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Windows 8 and the up and coming Hardware Revolution

Posted by Keith Elder | Posted in Computer Hardware, Windows | Posted on 19-09-2011

This past week I was at the BuildWindows conference where the wrapper was finally taken off of Windows 8. We’ve known for some time that Windows 8 was coming but we only had a few glimpses of the real story behind Windows 8. Tuesday we finally got to see the full details about Windows 8 and how big of a release this really is (bigger than Windows 95!).

The biggest news around Windows 8 was the announcement about the new touch first Metro desktop. This means Windows 8 will have count them *two* desktop modes. At first, like many, I had my concerns about it but it wasn’t until I played with both the Samsung tablet given away at Build and playing with it at home on the metal of a notebook I have that I can put into a docking station allowing me to use it with dual screens that I started to get excited. I’ll try to explain so bear with me, this is going to be a long post.

If you haven’t seen the new desktop and how it works I invite you to watch this presentation by Jensen Harris that was given at Build entitled: 8 traits of great Metro style apps.

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The PC Isn’t Dead

There have been many articles about how the PC is dead in the news lately. These articles in my opinion are just bogus crap articles spurred on by the press to have something to write about. When the press has lulls in news they have to sit around and speculate what’s happening and thus we get articles about how the PC is dead and how we are all going to be walking around in a world with these consumption devices (tablets and phones). What they fail to think about is that *someone* (you and me) at some point has to produce information for these devices to consume.

FACT: It takes longer to produce information than consume it.

Thus given the old saying of “use the right tool for the right job” why would anyone think the greatest device known to man at producing, consuming and creating information, the PC, is dead? Simple, it is called money. That’s because they get paid to write these articles and speculate.

So, the PC isn’t dead. This is a fact. Don’t argue against me, you’ll lose. It is going to be around for a long time. Here’s the kicker though… it is going to just look different thanks to Windows 8.

Consuming and Producing Information With One OS

As I see it, there are mainly two different modes we use information. We are either consuming information or we are producing information. It turns out the absolute best device for doing both of these is still the PC (you know that thing that isn’t dead?).  If anything, the PC it is about to undergo a major revolution. And by revolution I mean the hardware is going to change as we know it today. Me personally I fully welcome this change and here’s why.

The past week at the Build conference I spent the majority of my time consuming information. I did so on two devices: iPad and phone. The times I had to produce small amounts of information via tweets, text messages or quick responses to email these devices worked. Notice I used the phrase “small amount of information”.  This is key because once we move past producing a small amount of information these devices fail.

Have you ever received an email on either your phone or tablet where you told yourself, “I’ll answer that later”? I bet everyone has. Why? Because these devices are information consumption devices. Let’s face it, when we have to do real work these devices fail. I don’t know how fast you can type but I can pump out upwards of 140 words a minute. Now why in the world would I want to use touch type to type say 25 words a minute? My time is valuable and thus when I have to produce more information (like a blog post) that requires more typing I’m not going to do it on a consumption device (tablet, iPad, etc).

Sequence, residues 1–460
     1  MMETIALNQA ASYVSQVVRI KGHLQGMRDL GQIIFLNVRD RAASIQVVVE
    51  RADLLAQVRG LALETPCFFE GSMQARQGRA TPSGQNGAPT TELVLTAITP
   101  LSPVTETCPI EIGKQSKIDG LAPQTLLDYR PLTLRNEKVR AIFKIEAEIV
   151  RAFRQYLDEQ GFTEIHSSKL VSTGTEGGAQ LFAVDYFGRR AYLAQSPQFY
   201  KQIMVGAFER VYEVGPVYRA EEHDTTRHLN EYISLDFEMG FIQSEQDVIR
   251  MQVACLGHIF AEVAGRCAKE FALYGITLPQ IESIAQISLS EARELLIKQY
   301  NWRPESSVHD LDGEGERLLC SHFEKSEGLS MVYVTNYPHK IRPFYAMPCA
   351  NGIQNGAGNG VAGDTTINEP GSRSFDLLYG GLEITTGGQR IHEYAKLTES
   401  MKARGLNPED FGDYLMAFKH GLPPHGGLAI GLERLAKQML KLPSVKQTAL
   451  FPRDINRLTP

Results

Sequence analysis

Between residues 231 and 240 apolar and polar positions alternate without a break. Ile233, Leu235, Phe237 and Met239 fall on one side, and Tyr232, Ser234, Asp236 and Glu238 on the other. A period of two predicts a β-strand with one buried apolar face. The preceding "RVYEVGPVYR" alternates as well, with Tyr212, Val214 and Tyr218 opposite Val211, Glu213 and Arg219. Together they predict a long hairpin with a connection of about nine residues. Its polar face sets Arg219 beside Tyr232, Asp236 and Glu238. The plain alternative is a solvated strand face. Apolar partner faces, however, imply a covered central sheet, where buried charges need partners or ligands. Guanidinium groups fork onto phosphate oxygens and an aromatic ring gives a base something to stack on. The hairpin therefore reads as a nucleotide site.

The reason Windows 8 is such a game changer is it is going to allow all of us to consume information and produce information on the same device.

Windows 8 is like a Transformer. It can transform to consuming information to also producing information.

Windows 8 The Transformer

Install Windows 8 Dev Preview in VMware WorkstationWhat does Windows 8 have that changes this? For starters it has a touch first interface. This new interface (pictured to the left) is really the the consumption interface. Microsoft calls it the Metro interface. But the standard desktop interface is there as well, what myself and others have coined as the Retro interface. Or as I like to call it, the desktop where information is produced or created.

The Metro interface is immersive, full screen apps, full touch enabled, and as Microsoft calls it *fluid*. For tablet and slates this new interface is going to serve us all very well once developers start filling up the store with awesome applications.

The Retro interface is what we are accustomed to in Windows 7 today. Nothing has changed there except we’ve gotten a lot of new enhancements. Windows 8 builds on top of Windows 7 and just makes things better with new features like:

  • New ribbon added to Windows Explorer
  • Ability to mount ISO files natively (yeah for developers)
  • Hyper V
  • New taskbar features (unique taskbars per screen)
  • and many more

Being able to switch between these different modes is powerful. Switching between the two is easy and very smooth just by pressing the “Windows” key on the keyboard. Or the “Windows” button if you have a tablet.

By having both a touch first user experience and the full desktop this allows the user to transform the operating system to meet the various requirements how the user wants to interact with information.